Boobs on Your Tube: Raising Kanan Is Setting up a Peak 90s Black Girl Love Story

Happy New Year, let’s get right to it! We have updated so may queer television streaming guides for you to ring in the new year, and hereeee we go:

Good Trouble is back for its final season, and Natalie has a recap of the first episode for you — she’s also planning to have a variety of pieces in various places (including this column) as we prepare to say goodbye to The Fosters-verse after all these years! Kayla’s back at Bravo Dyke Central to tell you that in the Real Housewives: Salt Lake season finale, Monica gave the gays everything they want. Drew said fuck it! She’s finally going to watch Riverdale this year, and she’s going to liveblog the jokes with you every step of the way. Speaking of Drew jokes, she also made a list of actresses born before her grandma ranked by how badly she wants them to top her. And for that, you are welcome.

And in our biggest news, the time has come once again for the Autostraddle TV Awards!! Voting is open now and will close on Monday, January 8 at 5p.m. EST.

Here is your official ballot! Don’t forget to vote!


Raising Kanan 305: “Brothers and Keepers”

Written by Carmen

Jukebox and Iesha flirt in Raising Kanan episode 305, "Brothers & Keepers"

As I mentioned last week on Raising Kanan, after multiple seasons of pain, things are finally turning Jukebox’s way. Her once notoriously homophobic father has become her biggest advocate (there’s a scene this week where Marvin cheers her on from the car that actually made me squeal! The character growth!). Her life-long passion for singing has turned into a potential career path, thanks to her placement in a new girl group that’s vying for national attention. And speaking of that girl group — both of the group’s other two members were on my shortlist to be Jukebox’s next girlfriend.

Well, I think we got an answer to that last remaining question this week! Iesha, the group’s designated “girl next door” figure, cannot get these dance steps. The group’s manager is just about done with her entirely. But Jukebox offers to stay behind after rehearsal and help Iesha catch up.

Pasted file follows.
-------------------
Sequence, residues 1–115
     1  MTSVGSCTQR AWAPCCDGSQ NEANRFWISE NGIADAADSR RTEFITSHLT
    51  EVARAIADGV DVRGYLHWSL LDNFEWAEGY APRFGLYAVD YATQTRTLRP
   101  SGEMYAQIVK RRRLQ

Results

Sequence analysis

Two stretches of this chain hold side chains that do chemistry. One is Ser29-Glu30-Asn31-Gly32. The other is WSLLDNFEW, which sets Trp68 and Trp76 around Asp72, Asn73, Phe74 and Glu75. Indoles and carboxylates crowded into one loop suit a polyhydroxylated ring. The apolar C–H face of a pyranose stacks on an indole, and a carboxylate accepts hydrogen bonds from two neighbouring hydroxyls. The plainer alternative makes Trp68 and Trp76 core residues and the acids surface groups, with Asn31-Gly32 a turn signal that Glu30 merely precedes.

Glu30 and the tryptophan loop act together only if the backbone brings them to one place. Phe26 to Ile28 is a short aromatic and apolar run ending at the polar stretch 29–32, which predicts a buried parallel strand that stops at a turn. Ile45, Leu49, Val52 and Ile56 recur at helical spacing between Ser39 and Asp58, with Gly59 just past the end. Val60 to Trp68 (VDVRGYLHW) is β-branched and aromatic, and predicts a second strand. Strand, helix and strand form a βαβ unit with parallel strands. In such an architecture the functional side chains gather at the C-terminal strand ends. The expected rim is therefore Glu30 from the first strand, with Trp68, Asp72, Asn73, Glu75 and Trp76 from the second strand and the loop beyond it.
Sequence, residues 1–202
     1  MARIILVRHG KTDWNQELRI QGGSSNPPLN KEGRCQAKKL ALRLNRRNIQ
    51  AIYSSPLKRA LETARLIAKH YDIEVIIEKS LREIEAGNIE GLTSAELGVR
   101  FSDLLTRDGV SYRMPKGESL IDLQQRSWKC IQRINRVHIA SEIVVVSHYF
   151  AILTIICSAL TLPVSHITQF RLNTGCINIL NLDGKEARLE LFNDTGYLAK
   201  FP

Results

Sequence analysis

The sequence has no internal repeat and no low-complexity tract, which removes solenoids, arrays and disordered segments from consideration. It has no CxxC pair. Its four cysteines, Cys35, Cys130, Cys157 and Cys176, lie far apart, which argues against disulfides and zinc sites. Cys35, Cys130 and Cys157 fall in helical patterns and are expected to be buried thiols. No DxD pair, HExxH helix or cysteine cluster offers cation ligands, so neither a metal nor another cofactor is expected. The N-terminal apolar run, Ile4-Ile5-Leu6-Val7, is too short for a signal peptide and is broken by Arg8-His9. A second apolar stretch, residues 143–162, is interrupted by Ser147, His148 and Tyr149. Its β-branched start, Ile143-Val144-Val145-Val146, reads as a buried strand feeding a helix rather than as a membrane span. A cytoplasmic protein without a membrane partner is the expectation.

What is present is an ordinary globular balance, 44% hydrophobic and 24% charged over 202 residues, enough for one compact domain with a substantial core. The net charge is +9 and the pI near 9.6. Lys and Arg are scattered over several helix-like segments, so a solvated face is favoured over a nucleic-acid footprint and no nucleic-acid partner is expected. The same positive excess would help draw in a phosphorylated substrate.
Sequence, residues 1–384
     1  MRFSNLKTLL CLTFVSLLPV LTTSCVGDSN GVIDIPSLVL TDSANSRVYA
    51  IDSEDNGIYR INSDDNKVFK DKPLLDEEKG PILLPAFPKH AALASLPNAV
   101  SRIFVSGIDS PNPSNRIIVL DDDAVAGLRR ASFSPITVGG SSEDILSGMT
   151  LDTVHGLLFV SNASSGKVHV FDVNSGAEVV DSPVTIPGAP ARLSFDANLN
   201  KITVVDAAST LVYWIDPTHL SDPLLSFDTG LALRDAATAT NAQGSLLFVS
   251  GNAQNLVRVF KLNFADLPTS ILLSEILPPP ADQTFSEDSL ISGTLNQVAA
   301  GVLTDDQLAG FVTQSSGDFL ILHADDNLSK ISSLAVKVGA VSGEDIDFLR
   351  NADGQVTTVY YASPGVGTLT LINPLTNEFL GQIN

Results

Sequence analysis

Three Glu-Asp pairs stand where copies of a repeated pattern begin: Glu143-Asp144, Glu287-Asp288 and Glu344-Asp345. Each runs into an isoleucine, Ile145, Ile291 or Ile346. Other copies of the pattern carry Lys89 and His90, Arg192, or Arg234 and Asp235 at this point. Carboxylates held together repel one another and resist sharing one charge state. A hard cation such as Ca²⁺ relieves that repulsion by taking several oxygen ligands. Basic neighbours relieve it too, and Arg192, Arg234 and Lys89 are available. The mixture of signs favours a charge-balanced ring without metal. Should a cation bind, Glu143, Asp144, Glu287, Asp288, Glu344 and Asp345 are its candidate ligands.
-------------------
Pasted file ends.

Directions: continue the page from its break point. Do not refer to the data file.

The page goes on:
Once they’re done dancing, now alone and sweaty and out of breath sitting on the floor, Iesha confesses that she’s not sure she is cut out for this. After all (as she bats her eyes), she’s not as talented as Jukebox. Jukebox complains, Iesha’s the “girl next door” but Juke is the tomboy —  she has to do these complicated dance numbers while shuffling around in Timberland boots. Iesha smiles and tells her that no one wears Timbs like Juke. OK. This is when I knew we were on to something.

Jukebox seemingly senses the vibe too, because next she tests out a disclosure. She casually lets it slide that Iesha’s support sounds a lot like her “friend” Nicole. Iesha says that Nicole should come hang out, so the two of them can gang up on Juke together. Jukebox lets out a small nervous breath, “Nicole was my girlfriend.”

Iesha nods her head slightly, letting the information sink in. Then she goes right on back to her flirting. And this is when I knew we were in for something good.

Juke and Iesha continue their playful flirting outside of the dance studio in that way teenagers do where they are making fun of each other with their words, but their eyes keep soaking each other in. Marvin watches from the car, and London Brown’s comic timing has never been more fierce as he’s less than one second away from basically making a hand hearts in the air, the way he’s carrying on. When Juke finally gets in the car, he teases her that there’s always room for “her girl” to get a ride if she wants. Jukebox pretends like she doesn’t know what Marvin means (even though she’s already blushing). He claps her on the back and brings her in for a hug, cheering on his daughter, “She’s a dime, Juke! You know you get your good taste from me, right??”

This is where our little puppy love story takes a pivot, I’m sorry to say, because Jukebox invited Iesha out to Uncle Lou’s open mike night — not necessarily as a date… but also, I think Juke was definitely hoping it was a date. Unfortunately when Kanan shows up, Iesha starts flirting with him, too! Juke quietly clocks it right away and when Kanan pulls her aside to (respectfully, I gotta say! I loved this moment of acknowledgment!) ask his cousin about Iesha, “Is that you?” Jukebox says no.

Juke’s eyes are telling another story — one of jaded dreams and disappointment — but Kanan, being a teen boy, goes with what she said and not the overall sad girl vibe she’s putting out into the universe. He goes back to flirt more with Iesha, but the camera lingers on Juke.

Maybe I’m going to be proven wrong here, but everything within me is saying that this is not the end for Iesha and Juke. I think this is the first act. Coming out as a Black queer teen in the 90s can be messy business, but the connection between Iesha and Juke was genuine. And I think we have a Black love story in the making on our hands.

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Carmen Phillips

Carmen is Autostraddle's Editor-in-Chief and a Black Puerto Rican femme/inist writer. She claims many past homes, but left the largest parts of her heart in Detroit, Brooklyn, and Buffalo, NY. There were several years in her early 20s when she earnestly slept with a copy of James Baldwin’s “Fire Next Time” under her pillow. You can find her on twitter, @carmencitaloves.

Carmen has written 681 articles for us.

2 Comments

  1. I am so happy you are recapping the most relevant parts of this show! I love where this could be going for Juke and Iesha. Juke’s eyes are saying so much to us in every scene and I am here for all of it!

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